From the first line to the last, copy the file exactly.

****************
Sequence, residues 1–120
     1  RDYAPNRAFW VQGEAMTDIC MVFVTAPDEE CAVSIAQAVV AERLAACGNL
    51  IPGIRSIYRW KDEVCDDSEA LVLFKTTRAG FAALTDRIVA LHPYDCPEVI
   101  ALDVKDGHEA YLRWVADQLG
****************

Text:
Sequence, residues 1–120
     1  RDYAPNRAFW VQGEAMTDIC MVFVTAPDEE CAVSIAQAVV AERLAACGNL
    51  IPGIRSIYRW KDEVCDDSEA LVLFKTTRAG FAALTDRIVA LHPYDCPEVI
   101  ALDVKDGHEA YLRWVADQLG